The so-called Tax Cuts and Jobs Act, signed into law by President Donald Trump in December, permanently slashes corporate tax rates and lowers taxes for the vast majority of taxpayers. Though its backers argued the bill would spur economic growth and boost federal revenue, the Congressional Budget Office found it would grow the federal debt by $1.4 trillion over 10 years. Other estimates put the deficit burden as high as an additional $2.2 trillion over a decade, even when accounting for economic growth.
This year, most Republicans joined with Democrats to approve a two-year budget deal that blew the spending caps put into place under the regime of austerity called the sequester, increasing military and social spending by hundreds of billions of dollars. The CBO found the deal would increase the deficit by as much as $500 billion over a decade.
That a Republican-led Washington added of trillions of dollars to the deficit in about two months is a remarkable turnabout, considering that Republicans spent the Barack Obama era calling for fiscal restraint, and sent dozens of congressmen to the capital who treated deficit hawkishness as a matter of faith.
Approving an amendment to balance the budget could be a way to show to conservative voters — and, importantly, wealthy donors who have rewarded deficit orthodoxy, like the Koch brothers — that attacking the deficit still remains important to the party.
To some Republicans, a constitutional imperative to force belt-tightening might be the only way, at this point, to rein in Washington. Second District Rep. Jason Lewis, who voted against the budget deal but for the tax cuts, said the balanced budget amendment is “a realization on the part of the institution that we need to force some willpower here… I believe the fundamental problem here is there’s not a political penalty for increasing spending, but there’s a severe political penalty for reducing spending.”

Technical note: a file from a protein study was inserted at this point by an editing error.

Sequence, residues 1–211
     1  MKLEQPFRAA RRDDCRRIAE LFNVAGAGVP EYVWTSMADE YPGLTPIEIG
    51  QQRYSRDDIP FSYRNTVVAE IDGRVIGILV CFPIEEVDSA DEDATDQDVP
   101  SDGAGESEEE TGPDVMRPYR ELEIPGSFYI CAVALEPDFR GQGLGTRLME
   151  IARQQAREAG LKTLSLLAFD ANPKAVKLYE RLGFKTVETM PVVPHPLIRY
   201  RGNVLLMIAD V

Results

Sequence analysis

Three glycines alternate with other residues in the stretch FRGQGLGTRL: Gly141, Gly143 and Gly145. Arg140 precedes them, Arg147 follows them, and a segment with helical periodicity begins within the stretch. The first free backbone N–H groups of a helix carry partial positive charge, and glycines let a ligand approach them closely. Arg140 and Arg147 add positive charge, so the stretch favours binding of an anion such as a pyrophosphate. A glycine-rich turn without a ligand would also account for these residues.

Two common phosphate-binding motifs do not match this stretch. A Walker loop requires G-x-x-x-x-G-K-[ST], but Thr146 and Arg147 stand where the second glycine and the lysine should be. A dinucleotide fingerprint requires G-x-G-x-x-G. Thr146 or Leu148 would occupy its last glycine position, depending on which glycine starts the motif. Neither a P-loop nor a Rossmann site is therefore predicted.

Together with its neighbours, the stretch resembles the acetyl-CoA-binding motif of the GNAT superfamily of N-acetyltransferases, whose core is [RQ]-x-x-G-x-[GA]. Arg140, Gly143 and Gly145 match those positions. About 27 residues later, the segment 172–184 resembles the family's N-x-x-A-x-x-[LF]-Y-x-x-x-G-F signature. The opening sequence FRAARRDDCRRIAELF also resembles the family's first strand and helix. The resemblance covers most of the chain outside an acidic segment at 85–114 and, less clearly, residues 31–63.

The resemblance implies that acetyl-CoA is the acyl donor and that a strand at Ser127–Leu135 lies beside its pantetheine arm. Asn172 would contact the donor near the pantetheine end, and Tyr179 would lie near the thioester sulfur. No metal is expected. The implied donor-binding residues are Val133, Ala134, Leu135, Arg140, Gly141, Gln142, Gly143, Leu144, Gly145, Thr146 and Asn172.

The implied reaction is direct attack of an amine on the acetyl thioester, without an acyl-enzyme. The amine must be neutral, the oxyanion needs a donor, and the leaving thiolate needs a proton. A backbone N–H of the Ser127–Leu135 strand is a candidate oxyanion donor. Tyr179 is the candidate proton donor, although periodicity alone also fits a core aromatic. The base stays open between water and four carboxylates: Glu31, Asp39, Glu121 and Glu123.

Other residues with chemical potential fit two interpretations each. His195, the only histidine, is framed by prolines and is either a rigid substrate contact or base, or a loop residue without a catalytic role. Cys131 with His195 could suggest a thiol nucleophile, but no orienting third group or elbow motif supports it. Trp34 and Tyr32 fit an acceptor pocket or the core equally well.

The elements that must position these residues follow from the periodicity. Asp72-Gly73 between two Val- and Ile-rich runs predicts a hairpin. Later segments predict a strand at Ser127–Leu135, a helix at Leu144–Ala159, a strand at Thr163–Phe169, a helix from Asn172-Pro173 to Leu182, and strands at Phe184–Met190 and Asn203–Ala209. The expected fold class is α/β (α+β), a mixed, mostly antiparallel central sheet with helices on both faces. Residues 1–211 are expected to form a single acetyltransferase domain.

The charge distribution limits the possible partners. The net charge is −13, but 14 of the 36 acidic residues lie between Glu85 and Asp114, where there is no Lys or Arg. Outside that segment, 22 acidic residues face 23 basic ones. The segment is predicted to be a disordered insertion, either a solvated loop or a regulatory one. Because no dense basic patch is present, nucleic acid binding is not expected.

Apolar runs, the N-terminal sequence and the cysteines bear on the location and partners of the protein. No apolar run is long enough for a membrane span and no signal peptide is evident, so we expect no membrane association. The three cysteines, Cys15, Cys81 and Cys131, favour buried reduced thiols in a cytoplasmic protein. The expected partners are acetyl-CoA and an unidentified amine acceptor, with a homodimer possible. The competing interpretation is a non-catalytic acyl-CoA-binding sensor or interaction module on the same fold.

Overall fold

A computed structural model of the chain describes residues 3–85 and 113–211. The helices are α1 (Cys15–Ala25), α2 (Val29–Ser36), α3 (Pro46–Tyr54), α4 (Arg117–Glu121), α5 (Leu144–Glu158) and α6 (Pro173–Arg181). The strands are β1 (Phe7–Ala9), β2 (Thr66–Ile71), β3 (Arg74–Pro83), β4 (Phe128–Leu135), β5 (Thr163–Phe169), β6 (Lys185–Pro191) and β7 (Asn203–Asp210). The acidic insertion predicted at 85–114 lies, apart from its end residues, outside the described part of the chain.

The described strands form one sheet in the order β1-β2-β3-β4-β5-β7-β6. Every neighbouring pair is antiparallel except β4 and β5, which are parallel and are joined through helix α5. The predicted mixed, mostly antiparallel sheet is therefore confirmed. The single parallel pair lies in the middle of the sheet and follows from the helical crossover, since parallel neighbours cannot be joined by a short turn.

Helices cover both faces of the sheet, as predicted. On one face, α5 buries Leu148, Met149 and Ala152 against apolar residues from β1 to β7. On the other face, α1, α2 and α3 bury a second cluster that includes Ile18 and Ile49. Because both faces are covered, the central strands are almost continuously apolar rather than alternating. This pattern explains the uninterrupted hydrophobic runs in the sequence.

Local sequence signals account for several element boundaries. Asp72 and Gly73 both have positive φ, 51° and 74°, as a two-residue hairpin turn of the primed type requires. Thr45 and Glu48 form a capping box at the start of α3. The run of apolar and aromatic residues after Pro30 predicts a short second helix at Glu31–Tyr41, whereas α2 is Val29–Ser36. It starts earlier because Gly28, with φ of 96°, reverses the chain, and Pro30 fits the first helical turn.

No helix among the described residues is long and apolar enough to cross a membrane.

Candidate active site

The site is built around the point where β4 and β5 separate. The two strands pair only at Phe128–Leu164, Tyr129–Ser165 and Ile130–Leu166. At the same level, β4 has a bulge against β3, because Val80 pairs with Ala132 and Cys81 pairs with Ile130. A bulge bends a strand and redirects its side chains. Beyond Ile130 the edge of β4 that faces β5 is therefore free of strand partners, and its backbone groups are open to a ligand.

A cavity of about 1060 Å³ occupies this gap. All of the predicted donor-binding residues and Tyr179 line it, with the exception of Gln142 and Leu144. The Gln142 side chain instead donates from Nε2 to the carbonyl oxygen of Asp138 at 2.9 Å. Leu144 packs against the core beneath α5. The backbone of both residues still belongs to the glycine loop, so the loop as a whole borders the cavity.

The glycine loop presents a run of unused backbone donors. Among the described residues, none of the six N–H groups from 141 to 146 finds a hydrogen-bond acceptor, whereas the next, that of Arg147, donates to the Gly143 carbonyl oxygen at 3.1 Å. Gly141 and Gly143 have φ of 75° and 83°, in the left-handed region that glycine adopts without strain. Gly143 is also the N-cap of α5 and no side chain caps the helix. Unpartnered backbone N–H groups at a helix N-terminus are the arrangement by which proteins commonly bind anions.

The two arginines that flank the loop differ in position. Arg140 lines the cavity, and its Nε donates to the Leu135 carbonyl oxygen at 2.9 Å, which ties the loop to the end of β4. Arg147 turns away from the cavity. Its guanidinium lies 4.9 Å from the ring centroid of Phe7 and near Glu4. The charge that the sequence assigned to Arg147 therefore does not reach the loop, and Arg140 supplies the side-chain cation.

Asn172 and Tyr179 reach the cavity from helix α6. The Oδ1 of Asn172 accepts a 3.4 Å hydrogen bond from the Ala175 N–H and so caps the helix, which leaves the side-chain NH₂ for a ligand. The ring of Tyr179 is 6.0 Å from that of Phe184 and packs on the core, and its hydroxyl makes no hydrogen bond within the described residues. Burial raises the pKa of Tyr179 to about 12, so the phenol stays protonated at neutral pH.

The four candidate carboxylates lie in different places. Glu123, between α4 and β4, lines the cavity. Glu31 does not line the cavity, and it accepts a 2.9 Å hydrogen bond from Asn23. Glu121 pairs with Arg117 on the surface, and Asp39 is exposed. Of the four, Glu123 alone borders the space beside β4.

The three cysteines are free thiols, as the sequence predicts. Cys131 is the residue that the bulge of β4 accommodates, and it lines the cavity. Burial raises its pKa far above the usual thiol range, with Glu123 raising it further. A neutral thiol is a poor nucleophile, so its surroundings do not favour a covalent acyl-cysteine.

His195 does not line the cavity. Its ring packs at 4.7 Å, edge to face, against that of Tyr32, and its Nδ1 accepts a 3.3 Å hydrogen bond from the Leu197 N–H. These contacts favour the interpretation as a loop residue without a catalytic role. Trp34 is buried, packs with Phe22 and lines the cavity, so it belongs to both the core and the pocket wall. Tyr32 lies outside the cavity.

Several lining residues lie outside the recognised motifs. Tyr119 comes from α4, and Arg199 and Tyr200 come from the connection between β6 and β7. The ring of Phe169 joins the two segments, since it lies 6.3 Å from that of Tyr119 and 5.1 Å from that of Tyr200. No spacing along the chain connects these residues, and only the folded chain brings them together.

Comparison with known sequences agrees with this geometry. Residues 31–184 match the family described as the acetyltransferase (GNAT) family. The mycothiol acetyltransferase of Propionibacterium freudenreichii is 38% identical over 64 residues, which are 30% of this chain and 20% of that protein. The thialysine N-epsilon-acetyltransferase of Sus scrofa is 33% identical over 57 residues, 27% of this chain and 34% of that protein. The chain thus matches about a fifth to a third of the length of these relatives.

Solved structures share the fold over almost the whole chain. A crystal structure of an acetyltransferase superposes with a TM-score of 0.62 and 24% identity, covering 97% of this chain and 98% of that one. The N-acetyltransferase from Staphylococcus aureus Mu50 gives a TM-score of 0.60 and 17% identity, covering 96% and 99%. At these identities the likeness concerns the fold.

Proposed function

“Until we can get that paradigm shifted, we’re going to have to do something,” Lewis said. The freshman congressman said he’d enthusiastically support an amendment to require the government to balance its budget, if it were accompanied with language requiring reductions in spending, so that lawmakers could not get around spending cuts by instituting tax increases.
To critics, the balanced budget amendment is a cynical ploy to give Republicans some cover on the campaign trail as they try to save the GOP’s branding as the party of fiscal responsibility.
Jared Bernstein, a fellow at the left-leaning Center for Budget and Policy Priorities, wrote in the Daily Beast that a vote on the balanced budget amendment would be a “show vote.”